Numerous reports of seniors being abused in nursing homes seem to signify an urgent need for reform. In Bangor Maine, last week, an infestation of maggots was discovered under the bandages which covered a patient’s chest wound. Recently in Syracuse, a 48-year-old nurse’s aide was accused of sexually molesting a disabled nursing home resident. In Quincy, Illinois, a former nursing home employee is still awaiting trial for striking an elderly nursing home resident in the face.
Then there is the settlement of almost 40 million dollars that Extendicare, a large chain of nursing homes with approximately 150 facilities in over 10 states, will pay out for unsavory billing practices. The suit also alleges the provision of second-rate care. Meanwhile in West Virginia, a woman has filed suit against Genesis Healthcare. She claims that her relative, Randolph Zimmerman, suffered from fatal neglect and eventually died for lack of proper care.
A bill signed into effect by President Obama on Oct. 6 would seem to indicate that these and other complaints have not fallen on death ears. Entitled, Improving Medicare Post-Acute Care Transformation, the IMPACT Act aspires to enhance the quality of the care provided by nursing homes, acute care and rehabilitation facilities by increasing transparency and implementing standardized assessment processes. In light of the fact that a little over half of alleged incidents of neglect, abuse, or exploitation were being reported to federal agencies, there was significant concern about the accuracy of self-reported data.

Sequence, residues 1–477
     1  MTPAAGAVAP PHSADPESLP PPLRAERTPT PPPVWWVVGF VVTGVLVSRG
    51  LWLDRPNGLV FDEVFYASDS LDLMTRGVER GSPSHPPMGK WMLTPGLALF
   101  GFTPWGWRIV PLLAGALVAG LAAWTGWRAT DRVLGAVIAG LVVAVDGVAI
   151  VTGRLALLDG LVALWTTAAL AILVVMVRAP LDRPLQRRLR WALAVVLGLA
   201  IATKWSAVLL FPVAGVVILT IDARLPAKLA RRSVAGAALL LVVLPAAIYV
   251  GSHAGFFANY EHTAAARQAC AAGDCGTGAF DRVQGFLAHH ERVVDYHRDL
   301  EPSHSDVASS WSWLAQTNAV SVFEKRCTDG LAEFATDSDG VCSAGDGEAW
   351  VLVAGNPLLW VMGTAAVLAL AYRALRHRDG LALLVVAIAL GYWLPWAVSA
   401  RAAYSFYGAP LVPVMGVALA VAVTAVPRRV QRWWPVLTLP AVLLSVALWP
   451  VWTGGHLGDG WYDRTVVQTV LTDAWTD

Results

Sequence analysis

The IMPACT Act seeks to ensure that data collection procedures are uniformly followed and that the actual data collected is pertinent in terms of correcting the issues. Some might breathe a sigh of relief that something is finally being done to protect fragile and often marginalized seniors. Others might wonder if changing the way we collect nursing home data is enough or is there an urgent need for reform.
For at least one family in Georgia, losing the family matriarch just days before she was to be discharged from an acute care facility was a devastating loss from which they still struggle to heal. A young lady, from that same family, used the lesson from that unanticipated death to ensure that the family would not lose another relative to a nursing home. For her it meant showing up two or three times at day, at odd hours, to make certain that the staff knew that someone was watching.
For a myriad of reasons, families are often not in a position to care for their loved ones at home. At the same time, some family members may be unwilling or unable to visit often or cannot spare the time to visit at all. There are also lots of facilities staffed with caring and compassionate staff. Sadly, there are also those that are not.
Some states allow the use of video cameras as a defense against abusive behavior. Others oppose this measure as a violation of privacy. Still others, like the young lady mentioned above feel that being diligent; showing up often and at unexpected times, and asking lots of questions can prevent negative outcomes. While the answers are not entirely clear, recent headlines would suggest that in addition to federal guidelines for collecting data, video cameras, or conscientious family members, additional nursing home reform is urgently needed.
By Constance Spruill